A: I'm speechless.
Q: In 1983 and 1984, Michael Dukakis and John Kerry were respectively the governor and lieutenant governor of Massachusetts; each later became their party's presidential nominee. Are they the first pair of top state officeholders to become said nominees? — Daniel Schlozman, Cambridge, Mass.
A: Yes. And if Kerry wins, he will become only the third lieutenant governor to be elected president. The others, Warren Harding (Ohio) and Calvin Coolidge (Mass.), also happened to form the 1920 Republican presidential ticket.
Q: Did John Kerry annul his first marriage? — Hubert Van Gent, St. Louis, Mo.
A: Yes. John Kerry and Julia Thorne, who were married on May 23, 1970, separated in 1982 and were divorced on July 25, 1988. In 1997, over his ex-wife's objections, Kerry — by this time already married to Teresa Heinz — sought and got his first marriage annulled.
Q: If Alan Keyes loses to Barack Obama in Illinois, will he be the first Senate candidate to lose in two different states? Or will he be the first to lose to three different senators who will all serve together? - Tom Bowen, Homer Glen, Ill.
A: No to the first part of your question. I can think of at least three Senate candidates who lost in two different states. James Buckley was elected in New York on the Conservative Party line in 1970 and defeated for re-election six years later as a Republican-Conservative. In 1980, he was the GOP nominee for an open seat in Connecticut — his real home — and lost to then-Rep. Chris Dodd (D). Bill Brock, a Republican congressman from Tennessee, was elected to the Senate in '70, defeated in '76, and found himself as the GOP nominee against Maryland Democratic Sen. Paul Sarbanes in 1994. Finally, Endicott Peabody — a Democratic former governor of Massachusetts — lost a Senate bid in his home state in 1966 and lost again 20 years later to Warren Rudman (R) in New Hampshire. (Republican Bob Smith, a former New Hampshire senator, had sought an open seat this year in Florida before dropping out.)
Keyes, who lost to Maryland senators Paul Sarbanes in 1988 and Barbara Mikulski in 1992, is considered an all-but-certain loser to Obama in Illinois on Nov. 2. I believe (though I'm not certain) that he would be the first to lose to three senators who will all serve together. Buckley did lose to three senators — he ran unsuccessfully as a Conservative against then-Sen. Jacob Javits (R) in '68, was unseated in '76 by Daniel Patrick Moynihan (D) and lost to Dodd in '80. But the year he lost to Dodd, Javits was losing his own seat, a loss that robbed Buckley of having the distinction to lose to three senators serving at the same time.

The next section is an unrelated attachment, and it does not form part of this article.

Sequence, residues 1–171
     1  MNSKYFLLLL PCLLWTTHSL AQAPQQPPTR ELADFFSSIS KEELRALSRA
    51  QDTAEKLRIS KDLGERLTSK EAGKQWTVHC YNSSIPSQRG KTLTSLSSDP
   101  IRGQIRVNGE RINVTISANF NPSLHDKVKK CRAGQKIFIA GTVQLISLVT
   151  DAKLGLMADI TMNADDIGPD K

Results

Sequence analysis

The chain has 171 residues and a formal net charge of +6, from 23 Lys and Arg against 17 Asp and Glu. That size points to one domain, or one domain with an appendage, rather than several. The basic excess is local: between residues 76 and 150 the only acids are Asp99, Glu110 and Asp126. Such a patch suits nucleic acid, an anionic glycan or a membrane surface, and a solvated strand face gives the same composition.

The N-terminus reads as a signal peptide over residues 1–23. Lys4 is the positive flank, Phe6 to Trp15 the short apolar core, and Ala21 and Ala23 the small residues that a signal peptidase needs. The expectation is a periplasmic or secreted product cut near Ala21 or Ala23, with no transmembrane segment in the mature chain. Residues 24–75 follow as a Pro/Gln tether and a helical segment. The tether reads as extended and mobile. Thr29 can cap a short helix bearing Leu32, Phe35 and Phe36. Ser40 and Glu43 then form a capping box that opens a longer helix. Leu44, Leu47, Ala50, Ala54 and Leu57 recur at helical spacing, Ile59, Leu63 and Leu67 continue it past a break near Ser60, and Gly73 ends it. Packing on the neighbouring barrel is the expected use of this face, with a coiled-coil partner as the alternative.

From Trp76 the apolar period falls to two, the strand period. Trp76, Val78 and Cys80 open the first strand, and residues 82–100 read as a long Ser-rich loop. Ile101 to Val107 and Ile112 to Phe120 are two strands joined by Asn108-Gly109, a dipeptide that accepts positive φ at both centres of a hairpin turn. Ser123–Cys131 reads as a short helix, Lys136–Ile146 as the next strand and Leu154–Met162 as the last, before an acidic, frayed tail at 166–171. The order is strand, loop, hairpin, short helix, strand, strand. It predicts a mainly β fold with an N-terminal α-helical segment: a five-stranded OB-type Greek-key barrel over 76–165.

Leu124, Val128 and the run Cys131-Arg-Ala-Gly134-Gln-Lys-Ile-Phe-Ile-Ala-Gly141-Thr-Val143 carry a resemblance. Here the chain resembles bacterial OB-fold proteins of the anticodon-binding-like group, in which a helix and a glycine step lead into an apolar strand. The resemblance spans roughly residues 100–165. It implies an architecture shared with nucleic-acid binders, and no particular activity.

Q: How often has the shorter candidate been elected president? — John Brison, San Luis Obispo, Calif.
A: Generally, the taller candidate wins presidential elections, though there have been exceptions, such as when Gerald Ford, at 6'1", lost to the 5'9" Jimmy Carter in 1976. I've also seen references to the 1940 election, when Franklin D. Roosevelt, who was 6'2", defeated Wendell Willkie, said to be a half-inch taller. In the last election, Al Gore was one inch taller than George W. Bush. Gore did happen to win the popular vote.
Q: If Christine Gregoire (D) is elected governor in Washington, will this be the first female trifecta (governor, both Senate seats) ever? — Ronald May, Jerusalem, Israel
A: Yes. Only four states have ever had two female senators at the same time: California, with Barbara Boxer and Dianne Feinstein (1993-present); Kansas, with Nancy Kassebaum and Sheila Frahm (1996); Maine, with Olympia Snowe and Susan Collins (1997-present); and Washington, with senators Patty Murray and Maria Cantwell (2001-present).
Q: Do you think there is any chance Sen. Barbara Mikulski (D-Md.) will lose her seat? — Matt Haag, Baltimore, Md.
A: I'd say the chances are slim and none, and I'm leaning more to none than slim. Check out next week's column, on Monday, for a complete list of election picks.
This Day in Campaign History: Dr. Martin Luther King Jr. is released from jail, one day after his wife receives a phone call of concern from Democratic presidential candidate John F. Kennedy. JFK's call is widely reported in the press and is thought to damage the chances of Vice President Richard Nixon getting a sizable black vote in the following week's election (Oct. 27, 1960).